I think you're both right.
All fenomena depends on what we mean by "I".
beeblebrox wrote:DAWN wrote:All fenomena depends on what we mean by "I".
I think that might be a topic for another thread... let's not derail this thread.
You said that there's no "I" in the Dhamma. Well, why don't you actually start to try view things in that way now? You seem to be fixated on it... even to the point where you believe that it's part of the topic. The word "I" has nothing to do with the person's issue who wrote that blog.
DAWN wrote:If this "I" is conditioned by "a buddhist", it is.
If this "I" is conditioned by "The Dhamma", there is no "I".
Digity wrote:James the Giant wrote:Digity wrote:I'm not a fan of Mahayana Buddism.
I have lots of Theravada friends from Thailand and Malaysia, and they pretty much believe the same things in the same way as that guy rebelled against. It's not just the Mahayana.
Fair enough. It just seems like it's more prevalent in Mahayana Buddhism. The first few Buddhist center I went to were Mahayana and I remember one of them talking about how we needed to pray more, because enlightenment was too hard...or something like that. I remember just thinking it was a silly comment and starting to sound too "religiousy". The Theravada teachings are way more in line with the Buddha's original teachings. I guess everyone needs to choose the path that suits them the most. I can't really say much else.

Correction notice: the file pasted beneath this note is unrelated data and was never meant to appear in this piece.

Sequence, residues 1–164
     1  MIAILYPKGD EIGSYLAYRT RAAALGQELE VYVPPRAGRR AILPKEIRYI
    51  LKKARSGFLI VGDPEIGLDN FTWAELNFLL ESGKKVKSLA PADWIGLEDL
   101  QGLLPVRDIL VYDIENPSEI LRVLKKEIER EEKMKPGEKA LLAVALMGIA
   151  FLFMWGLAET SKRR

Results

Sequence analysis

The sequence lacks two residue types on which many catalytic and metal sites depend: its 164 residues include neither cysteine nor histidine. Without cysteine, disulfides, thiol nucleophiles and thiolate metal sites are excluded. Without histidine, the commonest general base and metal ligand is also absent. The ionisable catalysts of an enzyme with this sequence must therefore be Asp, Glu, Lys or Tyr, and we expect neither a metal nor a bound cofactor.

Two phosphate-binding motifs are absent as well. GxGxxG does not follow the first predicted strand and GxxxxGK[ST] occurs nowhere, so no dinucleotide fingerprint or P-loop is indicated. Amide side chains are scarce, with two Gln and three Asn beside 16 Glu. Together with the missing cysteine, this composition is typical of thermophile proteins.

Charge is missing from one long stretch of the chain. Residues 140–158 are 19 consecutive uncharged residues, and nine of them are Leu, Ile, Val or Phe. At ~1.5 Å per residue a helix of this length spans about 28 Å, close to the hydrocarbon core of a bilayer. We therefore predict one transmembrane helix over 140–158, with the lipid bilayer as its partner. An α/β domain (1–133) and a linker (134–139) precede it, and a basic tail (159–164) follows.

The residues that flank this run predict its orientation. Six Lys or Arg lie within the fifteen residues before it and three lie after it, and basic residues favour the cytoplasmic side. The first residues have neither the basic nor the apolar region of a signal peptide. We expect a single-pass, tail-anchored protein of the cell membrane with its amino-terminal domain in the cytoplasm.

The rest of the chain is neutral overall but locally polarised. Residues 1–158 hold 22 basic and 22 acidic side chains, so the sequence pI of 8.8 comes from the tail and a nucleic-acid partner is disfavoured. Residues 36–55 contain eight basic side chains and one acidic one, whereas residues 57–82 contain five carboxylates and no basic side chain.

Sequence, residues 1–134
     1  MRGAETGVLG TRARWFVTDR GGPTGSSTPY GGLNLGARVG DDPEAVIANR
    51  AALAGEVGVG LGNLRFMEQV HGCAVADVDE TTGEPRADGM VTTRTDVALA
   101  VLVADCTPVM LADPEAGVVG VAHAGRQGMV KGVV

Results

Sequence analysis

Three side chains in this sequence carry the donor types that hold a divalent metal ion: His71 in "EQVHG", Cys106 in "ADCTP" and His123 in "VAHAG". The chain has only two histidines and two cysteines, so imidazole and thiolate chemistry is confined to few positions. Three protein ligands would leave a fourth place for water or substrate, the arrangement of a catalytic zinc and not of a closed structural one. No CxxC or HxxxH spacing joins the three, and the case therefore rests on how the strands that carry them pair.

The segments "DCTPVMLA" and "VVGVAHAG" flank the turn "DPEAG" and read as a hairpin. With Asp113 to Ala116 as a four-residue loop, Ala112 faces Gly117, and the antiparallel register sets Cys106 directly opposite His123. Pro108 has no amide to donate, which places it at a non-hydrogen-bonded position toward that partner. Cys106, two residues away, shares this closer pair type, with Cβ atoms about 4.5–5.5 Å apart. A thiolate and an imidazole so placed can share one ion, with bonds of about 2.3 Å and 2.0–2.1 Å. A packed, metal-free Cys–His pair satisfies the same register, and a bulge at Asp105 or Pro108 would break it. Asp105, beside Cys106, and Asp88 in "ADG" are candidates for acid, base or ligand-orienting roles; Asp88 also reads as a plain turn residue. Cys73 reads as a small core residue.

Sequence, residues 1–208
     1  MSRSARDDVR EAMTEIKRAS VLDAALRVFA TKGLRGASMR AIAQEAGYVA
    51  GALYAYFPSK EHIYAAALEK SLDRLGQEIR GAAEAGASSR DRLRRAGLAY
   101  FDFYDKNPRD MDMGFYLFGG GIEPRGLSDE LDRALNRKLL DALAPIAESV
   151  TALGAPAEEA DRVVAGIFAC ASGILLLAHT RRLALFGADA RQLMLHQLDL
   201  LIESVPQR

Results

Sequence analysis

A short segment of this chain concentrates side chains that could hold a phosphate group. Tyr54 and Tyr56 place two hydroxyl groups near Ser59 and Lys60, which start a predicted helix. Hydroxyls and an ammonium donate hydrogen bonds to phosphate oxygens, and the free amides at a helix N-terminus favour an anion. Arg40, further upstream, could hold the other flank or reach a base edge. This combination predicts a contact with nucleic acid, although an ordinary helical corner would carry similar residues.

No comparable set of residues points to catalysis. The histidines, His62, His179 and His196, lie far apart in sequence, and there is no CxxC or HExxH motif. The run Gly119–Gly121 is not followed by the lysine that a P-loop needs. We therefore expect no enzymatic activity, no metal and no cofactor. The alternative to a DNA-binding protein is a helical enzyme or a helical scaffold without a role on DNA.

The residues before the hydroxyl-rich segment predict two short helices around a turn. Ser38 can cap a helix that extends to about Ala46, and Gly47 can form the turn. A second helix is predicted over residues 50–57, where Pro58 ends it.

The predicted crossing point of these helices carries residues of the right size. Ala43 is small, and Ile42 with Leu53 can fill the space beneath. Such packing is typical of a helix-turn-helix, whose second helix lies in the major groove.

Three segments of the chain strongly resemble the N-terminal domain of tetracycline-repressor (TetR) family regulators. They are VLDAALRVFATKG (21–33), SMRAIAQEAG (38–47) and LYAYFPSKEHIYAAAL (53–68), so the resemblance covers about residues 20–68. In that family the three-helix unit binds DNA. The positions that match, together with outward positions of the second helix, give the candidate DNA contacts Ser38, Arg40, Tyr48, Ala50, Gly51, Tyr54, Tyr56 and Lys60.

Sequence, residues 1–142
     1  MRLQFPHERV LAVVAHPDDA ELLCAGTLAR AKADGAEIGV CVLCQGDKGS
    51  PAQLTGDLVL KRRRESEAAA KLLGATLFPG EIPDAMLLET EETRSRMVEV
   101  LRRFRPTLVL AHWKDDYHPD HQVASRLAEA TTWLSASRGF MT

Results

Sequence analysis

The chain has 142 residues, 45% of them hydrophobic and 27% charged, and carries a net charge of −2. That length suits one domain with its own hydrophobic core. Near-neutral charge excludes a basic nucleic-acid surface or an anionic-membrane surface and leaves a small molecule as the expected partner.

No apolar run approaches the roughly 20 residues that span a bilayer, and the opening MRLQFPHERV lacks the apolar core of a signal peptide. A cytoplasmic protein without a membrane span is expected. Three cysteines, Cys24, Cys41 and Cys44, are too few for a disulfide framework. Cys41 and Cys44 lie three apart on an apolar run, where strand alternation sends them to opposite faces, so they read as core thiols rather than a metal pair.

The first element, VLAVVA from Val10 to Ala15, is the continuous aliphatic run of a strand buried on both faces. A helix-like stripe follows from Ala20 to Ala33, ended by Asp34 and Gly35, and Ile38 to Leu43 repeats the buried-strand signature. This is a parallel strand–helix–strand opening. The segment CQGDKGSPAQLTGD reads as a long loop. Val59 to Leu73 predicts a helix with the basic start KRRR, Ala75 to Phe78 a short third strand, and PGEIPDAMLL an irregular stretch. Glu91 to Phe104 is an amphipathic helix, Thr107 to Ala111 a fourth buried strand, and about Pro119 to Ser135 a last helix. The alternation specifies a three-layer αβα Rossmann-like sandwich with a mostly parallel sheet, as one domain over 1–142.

pilgrim wrote:... "He is ignorant . He wasn't really a Buddhist in the first place. He didn't make an effort to investigate further". I am struck by the fact that many Buddhists want to spread their religion but would place the blame on the person if he fails to believe. ...
dude wrote:Sounds to me like the Malaysian Buddhist communities he's talking about weren't practicing Buddhism at all, Hinayana or Mahayana.
It sounds like a bunch of local superstitions with some Buddhist teachings thrown in and called Buddhism.
pilgrim wrote: They fail to see that the guy picked up all these wrong beliefs and practices from other Buddhists, so who is at fault here?
True, but it can be known through the six senses.Ñāṇa wrote: The most important aspects of the noble path can't be known through the five senses.
dude wrote:Buddhism is not about going to a better place after you die.
dude wrote:The Buddha's teachings are instructions for a practice to learn the standards of skillful and unskillful conduct which lead to good and bad outcomes, cultivation of capacity for illusion-free perception of the mysteries of the mind, and bringing forth the buddha-wisdom innate in all livings. These practices have practical advantages and produce tangible results; in the here and now.
dude wrote:To wait for good things to happen until after you die is not the Buddha's teaching, so what I'm saying is that if he was taught that, he either misunderstood or was taught wrong.